Montgomery County bus drivers said Monday they feared for the safety of their passengers and themselves amid a greater focus on public vehicles that have caught fire in recent months.
As first reported by The Washington Examiner, five Ride On buses since 2009 have combusted. The 50 Champion model vehicles, which resemble airport-style shuttle buses, represent about an eighth of the county bus fleet but have been the only buses to catch fire during that time.
|Council chief: Ambulance fee personal for Leggett|
|The president of the Montgomery County Council said County Executive Ike Leggett's push for an ambulance fee was motivated by personal frustration after the downfall of one of his major legislative priorities in recent years.|
|"He has a bee in his bonnet," quipped Councilman Roger Berliner, D-Potomac/Bethesda, striving for a PG-suitable way to assess Leggett's feelings. "That's the best I can describe it for purposes of this conversation."|
|Leggett included the ambulance fee in his proposed budget for next fiscal year, even though county voters defeated the measure by referendum -- 54 to 46 percent -- in 2010.|
|Currently the council appears divided on the issue, meaning the measure could narrowly pass again -- which would likely start another voter referendum on the issue. - Brian Hughes|
The ignited vehicles have prompted a federal investigation by the National Highway Traffic Safety Administration.
"I'm scared for all my seniors," said Deborah Gibbs, who drives one of the Champion buses on a nearly daily basis. "How in the world are they going to get off if there's a fire? They [the buses] shouldn't be on the road at all. They've been a problem since day one."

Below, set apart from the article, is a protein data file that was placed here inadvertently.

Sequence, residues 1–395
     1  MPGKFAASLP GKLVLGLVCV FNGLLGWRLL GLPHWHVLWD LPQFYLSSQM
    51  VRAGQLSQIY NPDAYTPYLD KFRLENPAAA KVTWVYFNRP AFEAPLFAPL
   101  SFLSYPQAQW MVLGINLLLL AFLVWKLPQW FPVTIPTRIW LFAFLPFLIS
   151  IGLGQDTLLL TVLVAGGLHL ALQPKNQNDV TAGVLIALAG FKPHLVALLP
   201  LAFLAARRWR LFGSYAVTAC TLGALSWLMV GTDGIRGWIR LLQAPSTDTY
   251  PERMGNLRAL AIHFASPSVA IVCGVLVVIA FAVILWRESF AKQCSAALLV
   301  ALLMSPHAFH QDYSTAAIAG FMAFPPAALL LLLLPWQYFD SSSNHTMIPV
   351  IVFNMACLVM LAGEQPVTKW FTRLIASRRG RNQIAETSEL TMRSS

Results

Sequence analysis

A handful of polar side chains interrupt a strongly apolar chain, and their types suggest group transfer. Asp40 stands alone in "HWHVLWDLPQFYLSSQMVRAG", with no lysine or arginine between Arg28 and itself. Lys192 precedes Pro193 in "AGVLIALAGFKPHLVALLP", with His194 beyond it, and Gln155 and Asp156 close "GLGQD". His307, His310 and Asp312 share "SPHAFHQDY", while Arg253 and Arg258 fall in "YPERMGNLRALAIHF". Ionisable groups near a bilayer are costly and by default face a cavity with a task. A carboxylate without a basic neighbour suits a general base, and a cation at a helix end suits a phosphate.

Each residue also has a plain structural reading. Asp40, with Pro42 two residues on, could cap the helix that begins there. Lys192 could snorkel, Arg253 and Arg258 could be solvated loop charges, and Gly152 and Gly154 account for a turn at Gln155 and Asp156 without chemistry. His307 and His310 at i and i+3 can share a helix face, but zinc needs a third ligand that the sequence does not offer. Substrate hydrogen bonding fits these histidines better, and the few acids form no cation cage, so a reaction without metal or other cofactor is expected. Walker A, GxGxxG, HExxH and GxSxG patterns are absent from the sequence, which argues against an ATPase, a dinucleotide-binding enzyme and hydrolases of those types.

None of the fires caused injuries, but Montgomery County lawmakers Monday sought assurances that riders would be safe until the vehicles are pulled from the road during the next sixth months.
"The problem with the buses is that they have a collection of problems -- not just one thing," said County Councilwoman Nancy Floreen, D-at large. "How do we give our people some confidence in these things?"
Unlike Montgomery County, Metro pulled nearly 100 buses off the road in recent weeks after one of its vehicles combusted for the second time in a week. Metro officials said they would use vehicles in reserve to avoid delays for riders.
But Montgomery leaders said they couldn't remove their vehicles without causing inconveniences for residents who rely on their fleet.
David Dise, director of the county Department of General Services, said officials inspect the vehicles approximately every 6,000 miles for maintenance -- and added that mechanics would detect a similar problem if one arose in the future.
"Would I ride on a Champion bus?" he mused. "Yes, I would."
But those with experience driving the vehicles didn't express such confidence.
Said bus driver Nelvin Ransome, "They're going to wait for somebody to get hurt. I have zero confidence in these buses."
For now, county leaders say they endorse the plan to keep the buses in service.
"Yes I'm concerned, but I'm not going to substitute my judgment for that of [the experts]," said Councilman Hans Riemer, D-at large. "They moved to replace them as fast as they can."